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The first 80 years 1917 to 1987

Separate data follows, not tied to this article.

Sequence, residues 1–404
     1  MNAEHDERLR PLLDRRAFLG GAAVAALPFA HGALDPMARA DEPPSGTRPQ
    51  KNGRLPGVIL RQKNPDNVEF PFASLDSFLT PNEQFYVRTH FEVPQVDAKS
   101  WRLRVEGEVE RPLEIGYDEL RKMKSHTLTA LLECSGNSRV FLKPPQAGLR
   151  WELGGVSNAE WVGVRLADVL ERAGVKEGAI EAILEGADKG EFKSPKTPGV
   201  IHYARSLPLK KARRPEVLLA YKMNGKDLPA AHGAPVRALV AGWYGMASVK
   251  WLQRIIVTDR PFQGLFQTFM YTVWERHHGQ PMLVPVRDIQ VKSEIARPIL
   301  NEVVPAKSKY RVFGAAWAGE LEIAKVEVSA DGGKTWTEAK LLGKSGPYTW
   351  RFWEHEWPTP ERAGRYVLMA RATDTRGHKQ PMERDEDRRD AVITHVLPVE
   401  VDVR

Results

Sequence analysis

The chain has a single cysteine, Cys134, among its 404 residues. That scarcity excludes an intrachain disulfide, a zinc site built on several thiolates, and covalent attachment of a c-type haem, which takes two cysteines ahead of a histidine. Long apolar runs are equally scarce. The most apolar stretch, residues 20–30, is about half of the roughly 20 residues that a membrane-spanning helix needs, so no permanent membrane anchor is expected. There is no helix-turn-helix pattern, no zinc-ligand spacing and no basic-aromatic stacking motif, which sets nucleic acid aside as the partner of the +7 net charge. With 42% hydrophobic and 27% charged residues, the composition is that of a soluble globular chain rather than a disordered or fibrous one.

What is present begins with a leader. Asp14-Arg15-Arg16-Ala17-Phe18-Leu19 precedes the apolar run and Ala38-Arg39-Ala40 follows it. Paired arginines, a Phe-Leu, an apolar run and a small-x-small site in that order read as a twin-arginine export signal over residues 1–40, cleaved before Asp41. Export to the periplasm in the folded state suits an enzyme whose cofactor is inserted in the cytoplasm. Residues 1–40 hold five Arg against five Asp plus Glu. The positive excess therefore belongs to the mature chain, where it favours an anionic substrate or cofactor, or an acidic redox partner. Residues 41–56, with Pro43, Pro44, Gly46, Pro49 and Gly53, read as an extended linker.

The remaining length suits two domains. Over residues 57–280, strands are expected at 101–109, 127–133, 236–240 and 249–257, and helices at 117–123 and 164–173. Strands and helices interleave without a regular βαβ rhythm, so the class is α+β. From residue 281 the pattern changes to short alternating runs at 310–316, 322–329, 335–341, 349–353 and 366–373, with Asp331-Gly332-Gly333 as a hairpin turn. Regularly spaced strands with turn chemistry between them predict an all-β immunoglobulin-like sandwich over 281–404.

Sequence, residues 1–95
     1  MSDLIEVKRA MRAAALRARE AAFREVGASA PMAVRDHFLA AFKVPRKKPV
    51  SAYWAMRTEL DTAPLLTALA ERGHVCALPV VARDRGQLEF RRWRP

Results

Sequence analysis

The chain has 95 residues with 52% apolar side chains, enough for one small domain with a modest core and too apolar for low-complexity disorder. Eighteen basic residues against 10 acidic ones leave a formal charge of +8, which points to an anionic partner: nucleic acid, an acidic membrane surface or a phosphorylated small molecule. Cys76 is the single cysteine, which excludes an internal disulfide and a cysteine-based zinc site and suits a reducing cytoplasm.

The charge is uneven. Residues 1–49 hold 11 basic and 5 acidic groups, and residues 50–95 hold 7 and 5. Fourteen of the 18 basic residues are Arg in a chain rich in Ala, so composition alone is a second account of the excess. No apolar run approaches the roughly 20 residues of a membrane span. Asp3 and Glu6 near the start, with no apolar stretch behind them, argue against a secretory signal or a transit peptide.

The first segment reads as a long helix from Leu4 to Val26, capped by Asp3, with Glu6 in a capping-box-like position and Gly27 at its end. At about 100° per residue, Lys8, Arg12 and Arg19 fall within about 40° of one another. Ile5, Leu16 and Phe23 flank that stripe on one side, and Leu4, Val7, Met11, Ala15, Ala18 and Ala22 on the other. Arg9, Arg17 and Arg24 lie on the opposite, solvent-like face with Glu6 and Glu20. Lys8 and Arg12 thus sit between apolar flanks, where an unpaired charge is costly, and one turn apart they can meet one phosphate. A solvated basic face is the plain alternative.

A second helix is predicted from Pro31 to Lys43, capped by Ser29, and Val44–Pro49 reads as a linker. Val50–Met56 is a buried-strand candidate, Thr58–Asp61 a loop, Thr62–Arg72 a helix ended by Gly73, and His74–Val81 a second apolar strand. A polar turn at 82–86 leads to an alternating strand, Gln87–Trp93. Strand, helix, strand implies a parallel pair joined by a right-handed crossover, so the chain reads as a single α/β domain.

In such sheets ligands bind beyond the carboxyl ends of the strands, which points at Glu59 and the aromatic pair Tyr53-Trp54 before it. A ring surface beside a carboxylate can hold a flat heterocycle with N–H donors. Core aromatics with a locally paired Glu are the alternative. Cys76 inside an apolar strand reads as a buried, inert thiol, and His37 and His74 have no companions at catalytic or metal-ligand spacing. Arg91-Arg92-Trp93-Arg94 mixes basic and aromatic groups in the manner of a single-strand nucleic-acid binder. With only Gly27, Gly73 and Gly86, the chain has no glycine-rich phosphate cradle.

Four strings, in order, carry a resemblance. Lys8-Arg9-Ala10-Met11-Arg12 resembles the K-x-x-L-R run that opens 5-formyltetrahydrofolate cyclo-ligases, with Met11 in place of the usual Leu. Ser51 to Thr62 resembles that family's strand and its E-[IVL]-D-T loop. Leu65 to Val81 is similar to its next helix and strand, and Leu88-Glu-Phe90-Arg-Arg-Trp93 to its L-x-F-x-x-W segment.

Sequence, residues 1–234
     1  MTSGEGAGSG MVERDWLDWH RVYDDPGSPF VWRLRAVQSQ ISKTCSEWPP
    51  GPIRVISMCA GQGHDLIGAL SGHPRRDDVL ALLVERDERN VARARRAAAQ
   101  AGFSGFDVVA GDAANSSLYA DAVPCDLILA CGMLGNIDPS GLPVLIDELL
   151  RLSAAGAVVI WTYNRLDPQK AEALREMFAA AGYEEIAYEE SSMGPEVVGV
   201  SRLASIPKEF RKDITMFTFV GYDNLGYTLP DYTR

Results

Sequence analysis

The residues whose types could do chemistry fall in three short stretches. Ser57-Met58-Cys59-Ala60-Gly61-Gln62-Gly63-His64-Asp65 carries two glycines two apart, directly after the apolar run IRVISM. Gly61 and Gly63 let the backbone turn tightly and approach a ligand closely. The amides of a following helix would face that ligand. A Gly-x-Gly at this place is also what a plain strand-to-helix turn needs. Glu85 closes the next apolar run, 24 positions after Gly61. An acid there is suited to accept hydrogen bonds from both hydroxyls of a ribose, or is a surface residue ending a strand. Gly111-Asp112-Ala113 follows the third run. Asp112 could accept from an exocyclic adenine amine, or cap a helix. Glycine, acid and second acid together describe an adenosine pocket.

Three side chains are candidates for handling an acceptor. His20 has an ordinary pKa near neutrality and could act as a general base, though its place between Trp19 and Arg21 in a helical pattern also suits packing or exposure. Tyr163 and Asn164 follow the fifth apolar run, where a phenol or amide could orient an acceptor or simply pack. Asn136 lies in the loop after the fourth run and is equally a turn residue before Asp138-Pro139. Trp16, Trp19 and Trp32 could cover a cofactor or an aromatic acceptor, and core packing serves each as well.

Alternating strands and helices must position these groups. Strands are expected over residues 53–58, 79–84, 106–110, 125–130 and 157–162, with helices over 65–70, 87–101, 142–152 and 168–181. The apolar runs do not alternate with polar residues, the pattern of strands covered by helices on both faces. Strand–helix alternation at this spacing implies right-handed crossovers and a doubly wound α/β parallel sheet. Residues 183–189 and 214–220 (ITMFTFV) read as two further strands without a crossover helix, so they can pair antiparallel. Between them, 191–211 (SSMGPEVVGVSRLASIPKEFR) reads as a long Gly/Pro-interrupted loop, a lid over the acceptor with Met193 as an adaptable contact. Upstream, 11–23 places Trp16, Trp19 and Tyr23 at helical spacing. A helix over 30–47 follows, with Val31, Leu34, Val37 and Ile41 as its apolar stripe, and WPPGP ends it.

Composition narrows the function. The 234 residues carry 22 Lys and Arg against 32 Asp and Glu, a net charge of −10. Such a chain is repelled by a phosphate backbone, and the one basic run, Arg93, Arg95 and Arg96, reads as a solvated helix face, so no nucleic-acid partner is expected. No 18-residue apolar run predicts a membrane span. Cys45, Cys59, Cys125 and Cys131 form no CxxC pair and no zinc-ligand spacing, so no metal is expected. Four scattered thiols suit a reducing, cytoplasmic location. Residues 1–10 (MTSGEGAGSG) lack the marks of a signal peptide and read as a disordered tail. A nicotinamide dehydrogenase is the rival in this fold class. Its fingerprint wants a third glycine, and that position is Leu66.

One of the most famous fighter squadrons, No.74 (Fighter) Squadron - the original Tigers - flew the SE5a ( Scouting Experimentals, SEs, were what would be called fighters later). 'Mick' Mannock (later awarded a posthumous VC ) was one of the Flight Commanders when it arrived in France, the first full day being April 1st 1918, the day that the Royal Flying Corps and the Royal Naval Air Service amalgamated to form one united service, the Royal Air force. Disbanded at war's end it was re-formed for the defence of Malta in 1935 That war did not come till later) and then defended London from Hornchurch, being one of the first squadrons to get Spitfires, with 'Sailor' Malan as Commanding Officer during the Battle of Britain. The Squadron also fought overseas in the Western Desert and Eastern Mediterranean with both Hurricanes and Spitfires. It returned to Europe for the invasion in 1944, still with Spitfires. As WW2 ended it became part of the RAF's first jet-fighter wing with Meteors. In 1960 it became the RAF's first truly supersonic squadron with the BAC Lightning I, finally operating the Mk 6 in the Far East as the only Lightning squadron stationed there. Disbanded in 1971, it was re-formed in 1984 with refurbished F4J(UK) Phantoms until 1991 when it got FGR 2s. On 1st October 1992 at its re-formation once again, with the BAe Hawk T1/T1a it became No.74 (Reserve) Squadron as part of No.4 FTS at RAF Valley on the Isle of Anglesey off north Wales. The students are instructed in how to operate an aircraft as a weapons platform once they have learned to fly it. All fast-jet pilots have to pass through the Squadron and rightly consider themselves true Tigers in the tradition of Mannock and Malan.


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